27 activity, and behavior modification were most effective for successful weight management. Many options are available for overweight (BMI of 2729.9 kg/m2) persons They can make changes to dietary intake and physical activity on their own, us e a popular diet plan (e.g., Atkins, South Beach), join a self -help group (e.g., Overeaters Anonymous, TOPS), join a commercial weight loss program (e.g. Weight Watchers, Jenny Craig), or engag e in behavioral (i.e., lifestyle) treatment according to recom mendations published in the Clinical Guidelines for the Identification, Evaluation, and Treatment of Overweight (NHLBI, 1998). Pharmacological treatments are recommended in addition to a portion-controlled, low -calorie diet for people with BMI of > 30 kg/ m2. However, a person with a BMI > 27 kg/m2 who also has additional health risks such as hypertension and/or hyperlipidemia and a history of unsuccessful weight loss effo rts may also benefit from pharm acotherapy (Wadden & Osei, 2002). Current pharmacologic al treatments that are approved by the U.S. Food and Drug Administration include sibutramine, a norepinephrine and noradrenaline reuptake inhibitor that produces early satiety and delays the next meal, and orlistat, a fat absorption blocker. People in the Extreme Obesity (Class III) category (BMI > 40 kg/m2) or those in the Class III category (BMI > 35 kg/m2) with co morbid conditions are generally recommended bariatric surgery (i.e. gastric bypass, gastric banding, gastroplasty, biliopancreatic diversion or biliopancreatic diversion with duodenal switch) in addition to undergoing major lifestyle changes. While surgical options produce an average loss of 2530% of initial weight, significant risks of adverse consequences exist (Latifi, Kellum,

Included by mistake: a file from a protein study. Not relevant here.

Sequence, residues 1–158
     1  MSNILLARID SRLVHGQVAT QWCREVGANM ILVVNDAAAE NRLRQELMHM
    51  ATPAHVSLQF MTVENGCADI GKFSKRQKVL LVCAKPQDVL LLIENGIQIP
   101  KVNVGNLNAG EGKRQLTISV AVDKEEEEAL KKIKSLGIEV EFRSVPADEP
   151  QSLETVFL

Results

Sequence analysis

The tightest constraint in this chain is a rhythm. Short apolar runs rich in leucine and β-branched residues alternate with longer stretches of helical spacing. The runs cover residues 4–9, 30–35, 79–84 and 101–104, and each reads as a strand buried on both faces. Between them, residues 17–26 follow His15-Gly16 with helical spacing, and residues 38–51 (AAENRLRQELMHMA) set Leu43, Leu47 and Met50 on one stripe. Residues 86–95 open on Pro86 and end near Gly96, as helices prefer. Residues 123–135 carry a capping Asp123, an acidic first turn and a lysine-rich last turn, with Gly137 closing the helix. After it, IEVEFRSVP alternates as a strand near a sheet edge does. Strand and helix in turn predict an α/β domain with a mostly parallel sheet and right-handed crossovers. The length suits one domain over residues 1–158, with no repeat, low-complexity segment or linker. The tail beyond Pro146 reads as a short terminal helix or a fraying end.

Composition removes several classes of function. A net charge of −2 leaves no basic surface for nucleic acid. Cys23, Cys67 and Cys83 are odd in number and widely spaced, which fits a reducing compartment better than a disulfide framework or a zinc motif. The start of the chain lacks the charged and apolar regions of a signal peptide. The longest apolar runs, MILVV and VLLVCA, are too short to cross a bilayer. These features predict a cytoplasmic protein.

28 De Maria, & S ugerman, 2002). For example, persons who undergo surgical options for treatment must be informed of the operative mortality rates of 0.5 1.0% and understand that they will undergo radical changes in their eating habits in terms of reductions in amounts an d types of food consumed. Thus, the less intensive option for the latter population is available using portion-controlled, low -calorie diet and pharmacotherapy (Wadden & Osei, 2002). Behavioral treatment is also referred to as a lifestyle approach for it s focus on maintenance of longterm changes in eating and exercise habits across an individuals life versus a focus on a short term diet. Guided by the Learning Theory, researchers extended behavioral principles to the treatment of obesity in the late 1960s and the early 1970s. The main idea behind lifestyle treatment for weight management is that the behaviors used in the regulation of body weight can be learned and modified. Behaviorists noted the importance of modifying antecedents (i.e. cues) and conse quences (i.e. rei nforcers) in the management of weight (Wing, 2004). In general, researchers attempt to target the modifiable behaviors that result in overweight and obesity (Ravussin, Valencia, Esparza, Bennett, & Schulz, 1994.) General principles of beha vioral treatment that have been successfully applied to weight loss include self monitoring of behaviors, goal -setting, stimulus control, cognitive restructuring, problem solving, relapse-prevention training, contingency management, stress management techn iques, social support, and ongoing therapist contact (Perri, Nezu, and Viegener, 1992; Corsica & Perri, 2002; Wing, 2002). Lifestyle interventions targeting decreases in dieta ry intake (decreases of average